Music is a significant element of my piece because it structures the emotion behind the story. The humming in the beginning tells the story of a child’s innocence. It is carried on throughout the piece as it is accompanied by the movements that were created by the actors while using Anne Bogart’s technique called viewpoints. The dance was choreographed using repetition and combining different repetitive movements. One actor begins with one repetition then changes it into another. These movements from different sessions were first isolated and then strung together again to deliver an actual structured dance. The created sequence delivers a story when performed while humming the nursery rhyme “Itsy Bitsy Spider”. The choreography tells a story that is enlivened with deep emotional content, including the main character’s internal monologue. This story deals with escapism from one’s parents and children facing certain circumstances and developing coping mechanisms.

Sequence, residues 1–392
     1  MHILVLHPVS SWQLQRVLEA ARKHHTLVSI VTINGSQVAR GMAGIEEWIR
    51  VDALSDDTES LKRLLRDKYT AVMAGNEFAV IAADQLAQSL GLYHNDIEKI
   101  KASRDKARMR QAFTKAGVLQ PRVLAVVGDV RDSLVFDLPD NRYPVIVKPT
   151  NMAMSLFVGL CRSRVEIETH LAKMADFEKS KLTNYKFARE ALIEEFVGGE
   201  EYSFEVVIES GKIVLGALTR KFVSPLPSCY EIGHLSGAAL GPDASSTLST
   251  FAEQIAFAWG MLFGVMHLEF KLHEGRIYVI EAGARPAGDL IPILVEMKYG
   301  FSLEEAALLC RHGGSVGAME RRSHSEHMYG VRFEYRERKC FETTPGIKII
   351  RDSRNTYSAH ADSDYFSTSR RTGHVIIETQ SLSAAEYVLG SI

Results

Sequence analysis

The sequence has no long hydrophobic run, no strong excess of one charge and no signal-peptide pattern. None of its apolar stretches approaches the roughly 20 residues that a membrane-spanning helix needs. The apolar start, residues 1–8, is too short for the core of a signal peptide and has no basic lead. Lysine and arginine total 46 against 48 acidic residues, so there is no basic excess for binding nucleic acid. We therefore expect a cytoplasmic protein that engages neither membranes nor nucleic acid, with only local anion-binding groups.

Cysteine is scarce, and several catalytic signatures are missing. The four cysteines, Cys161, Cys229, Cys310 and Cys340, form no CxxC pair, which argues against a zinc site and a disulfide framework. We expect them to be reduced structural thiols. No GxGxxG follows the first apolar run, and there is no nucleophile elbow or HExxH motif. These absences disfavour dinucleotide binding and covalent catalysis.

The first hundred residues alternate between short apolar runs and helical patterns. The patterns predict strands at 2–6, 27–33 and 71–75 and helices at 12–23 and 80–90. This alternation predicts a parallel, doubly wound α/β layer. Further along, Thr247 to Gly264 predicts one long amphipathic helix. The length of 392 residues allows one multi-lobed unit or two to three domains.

Another layer in creating this piece is using the actor’s impulses during the delivery of text. This text is used along with the physical tension of breaking the forth wall. The audience is used as part of the world that is created as an aside, or to complete the circle that is where the clown performs. After developing the script through improvisation by using images and scenarios, it is then transformed into actual spoken text and written down. Additionally, emotional landscape and pace of the journey are looked at closely. The intonation of language and voice with all its physical components is used with and without text, which gives it its emotional journey through the piece. These elements are then combined and flushed out to be performed.